United Kingdom May Legalize Self-Driving Semi-Truck Platoon System

The United Kingdom may have exited the European Union, but they are about to dive head first into the world of autonomous vehicles. There’s just one obstacle however: getting the government to go along with it. 

A proposal has been made, which would clear the way for self-driving truck technology called “platooning.” Platooning refers to multiple trucks being connected by wireless technology, similar to Wi-Fi, and following a manned lead vehicle in a tight convoy, thereby saving fuel economy and potentially manpower according to Quartz. This system was tested in April 2016 when dozens of trucks drove thousands of kilometers across Europe.

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Approval of the platoon hinges upon the tweaking of Highway Code Rule 126, which states drivers must leave a two-second gap between their vehicle and the vehicle in front as a way to prevent rear ending a car. Quartz reports that the trucks which were tested in the April trials by automakers Volvo and Scania, were driven in platoons with gaps of less than one second between them. The benefit of these platoons is the reduction of “thinking distance” because the trucks further back in the convoy can react immediately to speed changes with the leading vehicle. Logic follows that the tighter the platoon, the less fuel is used and the less carbon is put into the air.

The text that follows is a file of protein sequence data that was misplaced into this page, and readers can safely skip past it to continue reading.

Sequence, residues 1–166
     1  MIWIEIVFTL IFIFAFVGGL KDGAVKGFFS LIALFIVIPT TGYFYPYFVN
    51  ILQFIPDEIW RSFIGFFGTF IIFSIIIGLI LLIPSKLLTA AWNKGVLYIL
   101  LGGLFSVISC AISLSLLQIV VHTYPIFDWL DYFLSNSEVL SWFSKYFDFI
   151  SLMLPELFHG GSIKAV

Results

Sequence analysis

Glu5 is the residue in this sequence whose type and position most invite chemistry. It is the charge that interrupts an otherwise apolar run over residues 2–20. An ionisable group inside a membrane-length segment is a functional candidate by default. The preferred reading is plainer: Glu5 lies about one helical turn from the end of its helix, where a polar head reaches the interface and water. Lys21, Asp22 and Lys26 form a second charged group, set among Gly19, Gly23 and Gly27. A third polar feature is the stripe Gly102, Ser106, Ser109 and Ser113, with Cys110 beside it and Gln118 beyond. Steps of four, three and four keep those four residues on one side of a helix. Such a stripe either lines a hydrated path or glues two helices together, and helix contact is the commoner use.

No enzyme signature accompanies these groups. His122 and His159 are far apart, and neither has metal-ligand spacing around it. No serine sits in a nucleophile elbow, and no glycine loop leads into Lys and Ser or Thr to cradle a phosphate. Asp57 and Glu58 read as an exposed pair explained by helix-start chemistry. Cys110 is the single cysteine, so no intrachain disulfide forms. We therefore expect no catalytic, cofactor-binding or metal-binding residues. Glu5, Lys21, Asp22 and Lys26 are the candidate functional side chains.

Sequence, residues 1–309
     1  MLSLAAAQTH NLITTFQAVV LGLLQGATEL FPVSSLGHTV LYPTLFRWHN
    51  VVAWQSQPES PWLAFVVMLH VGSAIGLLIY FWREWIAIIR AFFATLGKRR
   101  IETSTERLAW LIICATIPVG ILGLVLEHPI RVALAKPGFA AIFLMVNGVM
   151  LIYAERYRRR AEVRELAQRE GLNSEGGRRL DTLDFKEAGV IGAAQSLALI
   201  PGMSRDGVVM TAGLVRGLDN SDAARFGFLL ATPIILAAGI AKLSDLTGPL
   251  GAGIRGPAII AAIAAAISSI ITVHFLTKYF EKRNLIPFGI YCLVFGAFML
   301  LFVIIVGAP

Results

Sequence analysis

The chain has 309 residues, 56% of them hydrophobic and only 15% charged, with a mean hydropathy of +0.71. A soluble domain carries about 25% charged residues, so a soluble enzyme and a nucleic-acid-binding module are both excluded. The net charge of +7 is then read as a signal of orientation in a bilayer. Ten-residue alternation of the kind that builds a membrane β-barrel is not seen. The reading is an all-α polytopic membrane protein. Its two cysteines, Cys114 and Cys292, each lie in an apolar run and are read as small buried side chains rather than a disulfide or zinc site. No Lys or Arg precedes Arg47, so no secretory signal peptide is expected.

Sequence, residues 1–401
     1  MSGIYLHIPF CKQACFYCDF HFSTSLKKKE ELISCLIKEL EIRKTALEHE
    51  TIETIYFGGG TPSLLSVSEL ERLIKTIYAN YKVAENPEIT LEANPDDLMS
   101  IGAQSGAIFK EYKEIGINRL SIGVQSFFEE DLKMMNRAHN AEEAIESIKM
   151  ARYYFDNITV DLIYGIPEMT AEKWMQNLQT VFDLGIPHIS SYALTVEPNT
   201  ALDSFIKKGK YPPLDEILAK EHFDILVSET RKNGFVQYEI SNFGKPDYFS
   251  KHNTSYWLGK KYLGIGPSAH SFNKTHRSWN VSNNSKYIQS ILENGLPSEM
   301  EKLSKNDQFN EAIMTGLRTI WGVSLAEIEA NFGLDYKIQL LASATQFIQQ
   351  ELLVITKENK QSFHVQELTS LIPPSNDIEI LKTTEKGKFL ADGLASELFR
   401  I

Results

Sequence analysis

“There is an opportunity to reduce the separation distance required between these vehicles, and hence to maximize the efficiency gains through reduced aerodynamic drag,” the government’s Center for Connected and Autonomous Vehicles said in a statement. 

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Introducing these platoons aren’t the only technology-related changes the United Kingdom is exploring. The country wants to change laws which "would allow other technologies that are commercially available such as automated remote-control parking, and motorway assistance that would allow drivers to take their hands off the wheel temporarily." 

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